Your Netflix is a private space. What you watch, when you view it, and how often you view it can reveal a lot about a person. The last thing you want is someone poking around your account, checking your seeing habits, and drafting off your hard-earned $10. 99-a-month for free access. Â
And yet people steal Netflix all the time. Whether it’s a jilted fan, an old college roommate, or a good estranged family member â? there are very many people out there who may be able to occurs account and see what you’ve already been streaming. Sure, the easiest solution is to improve your password, but that won’t inform you if someone’s been creeping. Â
Thankfully, there’s an easy way to do exactly that. Â
Spotting the freeloader
In order to catch someone within the act, you have to look first. Therefore let’s look. Log into your account, choose your user name, then choose “Account” from the dropdown menu within the upper-right corner. Next, scroll right down to “Viewing activity, ” and touch that mouse button hard.
While in the “Viewing activity” web page, click on the “See recent account access” link. This will take you to a webpage displaying all kinds of information related to logins: date and time, location, IP address, and device types.
Now, here’s where some very simple detective works comes in. First, discover your own IP address with a basic IP lookup (you can actually just Google “my ip”). You need to see that address listed a lot beneath the “Location” column in Netflix. Gowns you using your own account, therefore no worries there. Â
Next, look for weird locations or IP details that don’t match your own. Find something from another state â? the same state your no-good ex-boyfriend just moved to? That’s a red flag. Find stuff from your state, but with another IP? Try a service like ipinfo â? it should at least help you pin number it down to the city. Â
Lastly, and this is perhaps the most obvious way to determine weirdness, scan the “Device” line. Any odd items on there? Can it list a “Smart TV” whenever you’ve never used one? If you are, someone else is likely in your account. Â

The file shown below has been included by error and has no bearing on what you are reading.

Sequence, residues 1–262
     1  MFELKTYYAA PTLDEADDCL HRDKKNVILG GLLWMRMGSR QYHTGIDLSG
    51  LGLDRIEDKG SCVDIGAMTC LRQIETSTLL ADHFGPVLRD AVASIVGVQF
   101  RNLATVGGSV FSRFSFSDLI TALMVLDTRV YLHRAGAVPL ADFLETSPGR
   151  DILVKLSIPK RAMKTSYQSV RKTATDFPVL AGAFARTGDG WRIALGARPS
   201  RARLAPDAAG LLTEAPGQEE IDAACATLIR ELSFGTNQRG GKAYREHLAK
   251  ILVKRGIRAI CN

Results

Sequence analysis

Keeping things hidden
Now, I understand what you’re thinking: Wouldn’t I actually know if someone is using the account? And sure, if the individual doing so is sloppy and, state, a huge anime fan (and if you’re not), you may start getting suggestions outside of your typical content milieu. Â
But you might not, also. Gowns because Netflix allows you to manually remove watch history â? one video clip at a time. To do so, simply navigate your path back to the aforementioned “Viewing activity” web page. What you’ll see is a list of every thing watched under that user profile. Close to each video is an “X” â? once selected, Netflix tells you that this show/movie/whatever “will be removed from your own viewing activity on all products within 24 hours. “
Someone using your account who really wished to fly under the radar would be certain to remove each and every thing he or she viewed â? immediately after viewing it. This way, you wouldn’t see those “Continue watching” messages for shows that might never actually seen. And, naturally , the illicitly streamed shows would not remain in the “Viewing activity” area for you to one day stumble across. Â
Pretty dastardly, right?
Freedom from creepers
But now, because of your handy-dandy newfound knowledge, however, sneakiest freeloaders won’t be able to slide past your watchful eye. And when someone has been accessing your account? Go on and change your Netflix password. Oh, even though you’re at it, change any kind of passwords that you might have ever distributed to anyone ever (really). Â
There. Don’t you feel better now knowing that the only real person creeping on your Netflix seeing habits is some unnamed Netflix employee? Yeah, we thought therefore. Â